Ron Kerr, the chef behind Stuart’s fabulous South Fork Kitchen & Bar, is starting the new year off with a bang. The Florida native who’s cooked his way through restaurants from the Florida Keys to Palm Beach, is preparing back-to-back, exclusive dinners. The first on January 12 occurs as part of Kai-Kai Farm’s popular, farm-to-table series with guest chefs who source its organic produce. His multi-course feast features a petite lasagna of turnip, Swiss chard and Gruyère, duck confit with plums, and glorified s’mores with chocolate ganache and toasted marshmallow ice cream. On January 16 at South Fork, he teams up with Champagne Tribaut for a themed dinner whose pairings include Blanc de Chardonnay with seared scallops and Marcona almonds, as well as Cuvée René with lavender smoked duck.
8006 SW Kanner Highway, Indiantown; 772.597.1717; kaikaifarm.com. 900 SE Indian Street; 772.247.7382; southforkkitchenandbar.com
Thom Browne, the fashion designer known for quirky men’s suits with cropped sleeves and pants, opened a boutique in Miami’s iconic Moore Building. Only his New York and Tokyo locations surpass the size of the new, 3,000-square-foot flagship. Through a collaboration with architect Flavio Albanese, he pays homage to the neighborhood’s thriving art scene by installing gray subway tiles throughout interiors and mobile wall panels fashioned from aluminum, glass and the brand’s signature slat blinds. They designate sections for men’s and women’s clothing and accessories and morph for events. Vintage furniture by great 20th-century designers like Paul McCobb and Pierre Jeanneret dots the chic space. He’s embracing local style, too, with exclusive items like sunglass colors and a women’s print with retro swimmers, anchors and chains.
191 NE 40th Street; 305.603.8287; thombrowne.com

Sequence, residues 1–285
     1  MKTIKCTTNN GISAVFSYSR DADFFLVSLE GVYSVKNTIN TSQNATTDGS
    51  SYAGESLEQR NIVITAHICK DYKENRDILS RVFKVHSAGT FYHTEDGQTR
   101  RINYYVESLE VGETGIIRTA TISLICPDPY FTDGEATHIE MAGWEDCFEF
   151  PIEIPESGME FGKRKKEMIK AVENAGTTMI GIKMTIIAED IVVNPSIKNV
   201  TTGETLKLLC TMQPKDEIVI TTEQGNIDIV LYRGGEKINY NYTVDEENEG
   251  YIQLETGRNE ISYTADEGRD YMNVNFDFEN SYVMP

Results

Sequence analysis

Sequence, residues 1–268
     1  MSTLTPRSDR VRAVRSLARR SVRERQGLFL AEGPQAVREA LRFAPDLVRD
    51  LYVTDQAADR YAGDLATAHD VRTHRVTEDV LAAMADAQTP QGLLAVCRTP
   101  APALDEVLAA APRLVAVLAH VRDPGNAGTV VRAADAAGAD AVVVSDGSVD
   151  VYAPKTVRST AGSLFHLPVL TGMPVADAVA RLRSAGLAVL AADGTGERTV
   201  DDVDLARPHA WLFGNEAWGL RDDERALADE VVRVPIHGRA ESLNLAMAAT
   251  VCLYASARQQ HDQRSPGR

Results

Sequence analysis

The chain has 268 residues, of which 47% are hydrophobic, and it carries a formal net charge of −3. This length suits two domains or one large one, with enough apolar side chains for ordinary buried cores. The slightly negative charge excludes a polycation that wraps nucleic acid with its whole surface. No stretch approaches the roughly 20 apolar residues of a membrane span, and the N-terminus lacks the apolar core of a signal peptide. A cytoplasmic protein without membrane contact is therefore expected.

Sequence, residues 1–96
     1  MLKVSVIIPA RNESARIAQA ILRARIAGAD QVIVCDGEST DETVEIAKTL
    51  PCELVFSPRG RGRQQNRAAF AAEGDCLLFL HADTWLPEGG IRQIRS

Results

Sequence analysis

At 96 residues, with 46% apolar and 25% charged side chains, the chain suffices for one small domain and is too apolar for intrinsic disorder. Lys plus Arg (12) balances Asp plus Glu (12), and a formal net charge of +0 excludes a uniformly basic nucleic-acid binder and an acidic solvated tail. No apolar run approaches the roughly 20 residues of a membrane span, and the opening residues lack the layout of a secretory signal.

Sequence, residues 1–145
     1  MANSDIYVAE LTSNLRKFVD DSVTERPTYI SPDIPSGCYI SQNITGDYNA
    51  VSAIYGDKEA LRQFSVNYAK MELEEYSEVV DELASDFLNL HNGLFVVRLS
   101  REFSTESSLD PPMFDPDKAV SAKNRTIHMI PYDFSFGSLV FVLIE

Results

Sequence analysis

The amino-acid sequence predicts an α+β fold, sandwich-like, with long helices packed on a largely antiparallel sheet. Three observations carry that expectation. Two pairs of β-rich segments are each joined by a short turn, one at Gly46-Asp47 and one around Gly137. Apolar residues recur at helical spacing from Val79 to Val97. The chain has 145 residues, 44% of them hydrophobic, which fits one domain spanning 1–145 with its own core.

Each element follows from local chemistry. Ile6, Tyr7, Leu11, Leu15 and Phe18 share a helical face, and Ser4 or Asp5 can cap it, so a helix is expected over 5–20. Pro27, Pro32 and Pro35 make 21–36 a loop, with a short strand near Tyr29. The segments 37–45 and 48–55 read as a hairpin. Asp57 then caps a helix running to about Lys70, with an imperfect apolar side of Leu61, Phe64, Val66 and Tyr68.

It isn’t every day that the Boca Raton Museum of Art receives coverage in The New York Times, so its current exhibit must be utterly fantastic. Visitors can see what all the hoopla is about regarding “Imagining Florida: History and Myth in the Sunshine State” through March 24. The theme’s most comprehensive show to date, it begins with some impressive numbers—more than 200 works spanning 300 years—to demonstrate how the sub-tropical locale has inspired artists. Guest curators Dr. Jennifer Hardin, the former chief curator of the Museum of Fine Arts, St. Petersburg, and Gary Monroe, a photographer, author and retired professor, chose works by Winslow Homer, Milton Avery, Louis Comfort Tiffany, Henri Cartier-Bresson, John Singer Sargent, Purvis Young, Garry Winogrand, and many more artists who depicted Florida’s unique qualities.
501 Plaza Real; 561.392.2500; bocamuseum.org
January usually means sticking to New Year’s resolutions, but it’s so much more to the South Florida-based National YoungArts Foundation. The nonprofit’s annual YoungArts Week is its most treasured time of year, when dozens of teenagers are invited to take master classes in their respective disciplines including dance, film and opera, among a total of 10 options, by some of the biggest names in the business. They also get to perform, exhibit and screen their works as well as compete to receive funding to further their studies and careers. Ticketed performances are held from January 7-10 at New World Center (500 17th Street, Miami Beach), and each night focuses on different disciplines. The art exhibit opens on January 11 at the Young Arts Campus, where readings are also scheduled.
2100 Biscayne Boulevard; 305.377.1140; youngarts.org